Rep. Tlaib Pressed On Bill To Empty Federal Prisons In 10 Years

Rep. Rashida Tlaib, D-Mich., listens as U.S. Census Bureau Director Steven Dillingham testifies during a hearing of the House Committee on Oversight and Reform, on Capitol Hill, Wednesday, Feb. 12, 2020, in Washington. (AP Photo/Alex Brandon)

Rep. Rashida Tlaib sat for an interview Monday with Axios reporter Jonathan Swan to discuss her support of the BREATHE Act, which proposes to empty federal prisons over the course of 10 years.

The act calls on the Department of Justice and the Department of Health and Human Services to make a “roadmap for prison abolition”.

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Included in the plan is a “full decarceration of federal detention facilities within 10 years” and “a moratorium on all new federal prison, jail, immigrant and youth detention construction”.

Swan asked Tlaib “To what extent have you wrestled with any potential downsides of releasing into society every single person who’s currently in a federal prison?”

Tlaib responded “Yeah, I think that everyone’s like, ‘Oh my God, we’re going to just release everybody”.

“That’s what the act says,” Swan pointed out. “Yeah, but did you see how many people are mentally ill that are in prison right now?” Tlaib argued.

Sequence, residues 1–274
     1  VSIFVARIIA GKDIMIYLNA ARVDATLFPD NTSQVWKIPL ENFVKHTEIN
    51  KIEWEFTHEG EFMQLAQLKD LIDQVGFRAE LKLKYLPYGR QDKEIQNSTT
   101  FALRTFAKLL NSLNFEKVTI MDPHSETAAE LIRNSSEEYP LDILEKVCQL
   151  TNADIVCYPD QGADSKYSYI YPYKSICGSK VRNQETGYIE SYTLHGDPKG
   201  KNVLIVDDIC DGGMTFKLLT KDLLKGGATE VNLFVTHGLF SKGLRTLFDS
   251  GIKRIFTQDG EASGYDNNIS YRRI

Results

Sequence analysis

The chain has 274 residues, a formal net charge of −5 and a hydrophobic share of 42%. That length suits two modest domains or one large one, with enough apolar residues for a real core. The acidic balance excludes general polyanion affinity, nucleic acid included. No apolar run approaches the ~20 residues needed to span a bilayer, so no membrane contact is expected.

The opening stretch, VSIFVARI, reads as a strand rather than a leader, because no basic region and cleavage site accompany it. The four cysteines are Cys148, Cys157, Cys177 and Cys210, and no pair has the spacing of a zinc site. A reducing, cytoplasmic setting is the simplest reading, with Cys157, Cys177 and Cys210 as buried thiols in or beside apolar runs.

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“But the act you endorsed actually says release everyone in 10 years. … There are like, human traffickers, child sex [predators]. Do you mean that you don’t actually support that? Because you endorsed the bill,” Swan argued.

Tlaib seemed to shrug that off with “oh, I know” before pointing out prisoners suffering from mental illness or substance abuse problems. “Why aren’t you asking me about them?” she asked. “You’re asking me about the human traffickers and others that should be able to be held accountable”.

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Swan called the proposal “sweeping”, adding that “It does release everyone”. “Obviously there’s a process of looking at how we can get away from mass incarceration and move toward care first,” Tlaib responded.

Swan also asked Tlaib if she thought everyone could be rehabilitated. “I don’t think so. I’ve been very clear about that,” she said.

“I would have to look at every case individually and figure all of that out,” she added, noting that every person is not the same.


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